the fires and the black river of loss

“Every year
everything
I have ever learned

in my lifetime
leads back to this: the fires
and the black river of loss
whose other side

is salvation,
whose meaning
none of us will ever know.
To live in this world

you must be able
to do three things:
to love what is mortal;
to hold it

against your bones knowing
your own life depends on it;
and, when the time comes to let it go,
to let it go.”

From Blackwater Woods, by Mary Oliver

On October 15th, Sunday, we got the call from our neighbours, letting us know they were evacuating. Their voices wobbly, rattled. It was clear this was no normal fire. An ominous feeling descended into the pit of my stomach, and stayed. In the bright damp of a civilsed English Sunday, over the clink of cutlery, roast beef on fine china, I felt my breath catch and tighten. Tried to rally my scattered mind to answer questions: What did we want to be done with the dogs? With the Landrover?

And to ask them, too, once the call was over: Who was going to stay and attempt to fight the blaze, who was evacuating, and where to?

What would happen?

And then the strange, surreal time of waiting, began. Phone lines went down; the valley lost internet. We watched helpless as the red dots indicating blazes proliferated on the online fire map, the one we’d consulted a thousand times over the summer, every time we smelled smoke or saw a grey plume rising over a distant hill.

Each time we’d thanked our stars it wasn’t closer. Watched the fire fighting planes and helicopters join forces with the firemen on the ground to return us to safety. Only this time, there were no planes, no helicopters. There were up to 600 fires listed on that interactive map, that day. Fighting them, an impossible task.

We waited, for the longest twenty four hours of my life. With occasional messages from a lone satellite internet connection, rumours and reports and terrifying in-the-moment reports.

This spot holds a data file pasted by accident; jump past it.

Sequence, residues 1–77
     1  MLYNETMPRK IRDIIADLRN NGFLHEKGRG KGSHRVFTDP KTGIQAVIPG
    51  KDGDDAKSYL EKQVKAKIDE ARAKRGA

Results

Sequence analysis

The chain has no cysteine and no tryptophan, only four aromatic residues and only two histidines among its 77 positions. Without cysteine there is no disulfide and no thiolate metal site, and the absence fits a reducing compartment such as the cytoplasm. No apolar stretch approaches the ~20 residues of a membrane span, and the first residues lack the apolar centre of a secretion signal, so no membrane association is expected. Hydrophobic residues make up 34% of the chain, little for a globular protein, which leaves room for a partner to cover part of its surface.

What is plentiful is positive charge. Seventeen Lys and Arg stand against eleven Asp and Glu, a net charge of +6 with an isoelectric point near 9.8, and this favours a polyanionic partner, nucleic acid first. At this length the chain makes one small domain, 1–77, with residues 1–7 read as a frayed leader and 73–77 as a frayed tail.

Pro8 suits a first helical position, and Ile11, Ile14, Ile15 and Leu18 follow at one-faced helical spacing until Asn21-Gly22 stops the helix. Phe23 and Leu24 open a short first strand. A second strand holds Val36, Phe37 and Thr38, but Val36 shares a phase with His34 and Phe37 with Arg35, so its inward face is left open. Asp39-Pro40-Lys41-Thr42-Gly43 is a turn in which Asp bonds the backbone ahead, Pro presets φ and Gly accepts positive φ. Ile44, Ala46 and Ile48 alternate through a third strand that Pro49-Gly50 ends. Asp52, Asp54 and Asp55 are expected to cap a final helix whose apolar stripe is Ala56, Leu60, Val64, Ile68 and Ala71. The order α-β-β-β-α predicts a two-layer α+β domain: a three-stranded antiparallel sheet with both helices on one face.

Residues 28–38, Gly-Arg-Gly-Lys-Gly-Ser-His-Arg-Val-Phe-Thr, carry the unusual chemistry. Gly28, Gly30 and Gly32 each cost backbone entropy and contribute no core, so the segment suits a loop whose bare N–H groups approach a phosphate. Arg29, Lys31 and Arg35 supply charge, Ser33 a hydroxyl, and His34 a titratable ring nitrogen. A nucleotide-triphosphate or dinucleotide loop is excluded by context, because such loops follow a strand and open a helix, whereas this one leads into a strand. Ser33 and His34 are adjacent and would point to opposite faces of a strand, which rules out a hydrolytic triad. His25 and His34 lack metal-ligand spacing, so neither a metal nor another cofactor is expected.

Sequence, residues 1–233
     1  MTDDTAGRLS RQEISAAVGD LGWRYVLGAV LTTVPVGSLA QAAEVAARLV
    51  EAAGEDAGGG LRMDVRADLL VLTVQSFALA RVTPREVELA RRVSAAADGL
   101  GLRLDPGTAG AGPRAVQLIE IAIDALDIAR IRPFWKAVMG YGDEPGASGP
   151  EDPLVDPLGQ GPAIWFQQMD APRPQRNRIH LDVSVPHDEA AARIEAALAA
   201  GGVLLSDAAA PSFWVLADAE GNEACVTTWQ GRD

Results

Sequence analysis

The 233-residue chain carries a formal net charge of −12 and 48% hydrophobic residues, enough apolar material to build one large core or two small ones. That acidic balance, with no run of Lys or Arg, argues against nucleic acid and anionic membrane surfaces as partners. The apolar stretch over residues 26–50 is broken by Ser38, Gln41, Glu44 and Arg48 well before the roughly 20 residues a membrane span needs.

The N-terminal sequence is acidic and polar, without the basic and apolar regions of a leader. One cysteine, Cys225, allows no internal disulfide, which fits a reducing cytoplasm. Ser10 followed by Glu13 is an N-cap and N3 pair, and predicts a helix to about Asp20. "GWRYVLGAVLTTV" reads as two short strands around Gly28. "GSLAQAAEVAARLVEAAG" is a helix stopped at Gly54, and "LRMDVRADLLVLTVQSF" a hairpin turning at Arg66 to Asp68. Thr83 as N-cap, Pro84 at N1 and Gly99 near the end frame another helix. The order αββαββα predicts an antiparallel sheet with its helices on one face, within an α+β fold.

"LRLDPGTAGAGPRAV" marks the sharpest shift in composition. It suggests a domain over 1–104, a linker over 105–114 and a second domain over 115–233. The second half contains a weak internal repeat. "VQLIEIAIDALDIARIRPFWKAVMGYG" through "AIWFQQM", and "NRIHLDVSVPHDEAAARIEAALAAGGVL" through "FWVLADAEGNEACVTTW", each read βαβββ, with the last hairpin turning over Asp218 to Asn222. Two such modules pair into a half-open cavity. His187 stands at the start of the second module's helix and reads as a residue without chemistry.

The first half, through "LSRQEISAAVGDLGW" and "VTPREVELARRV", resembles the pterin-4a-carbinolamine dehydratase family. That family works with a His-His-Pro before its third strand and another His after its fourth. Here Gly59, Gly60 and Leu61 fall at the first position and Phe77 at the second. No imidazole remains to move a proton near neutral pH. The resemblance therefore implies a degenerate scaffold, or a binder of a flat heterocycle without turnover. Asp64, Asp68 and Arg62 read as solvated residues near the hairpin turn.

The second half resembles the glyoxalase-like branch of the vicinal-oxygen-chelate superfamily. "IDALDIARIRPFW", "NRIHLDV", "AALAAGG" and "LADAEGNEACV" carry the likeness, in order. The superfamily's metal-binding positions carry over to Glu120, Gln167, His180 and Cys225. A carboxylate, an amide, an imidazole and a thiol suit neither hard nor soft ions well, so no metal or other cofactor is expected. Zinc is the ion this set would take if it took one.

“We just watched our farm burn, terrace by terrace.”

“Someone heard gas bottle exploding at your guys’ place.”

“It looks like nothing is left”

“The flames just reached the village above us.”

Rain had been due from the day we’d left, the Thursday before, and rain was what we prayed for. It came on Tuesday morning, by which time hundreds of acres had been torched in out of control firestorms that raged, unchecked and unhinged, across our beloved adopted country.

Our valley, our home of the past three years, our house and most of our possessions were among the casualties.

Moving on, when all is gone

We are now in an in-between stage. Staying with dear and generous friends, coming to terms with the fact that there is no going home.

That the house whose earthbag walls had sheltered us so safely; the moss-coloured olive tree I’d passed each day; the possessions hiked across a continet, woodpile carefully stacked for the coming winter, all of it… gone.

Ash.

In this season of letting go, then… we let go.

In this season of grief, we mourn.

In this season of thanksgiving, we give so much thanks. For those who have donated so generously to the fundraising page created by our brave neighbours. For our lives, and the fact that our dogs, chickens, cats and baby, our neighbours, and the river, and the village… all are safe.

Still, the rains are not here in earnest, but the cool and the cloud and the damp are here, like a cool hand on a forehead. The land we love is so charred, so black, and yet green shoots are appearing. Grass is growing where forests once stood, and yet that’s a start, surely?

In secret havens, by waterholes and in trees, the birds and wildlife sheltered, and their songs ring out once more with every dawn. The burned smell is fading, the light is here.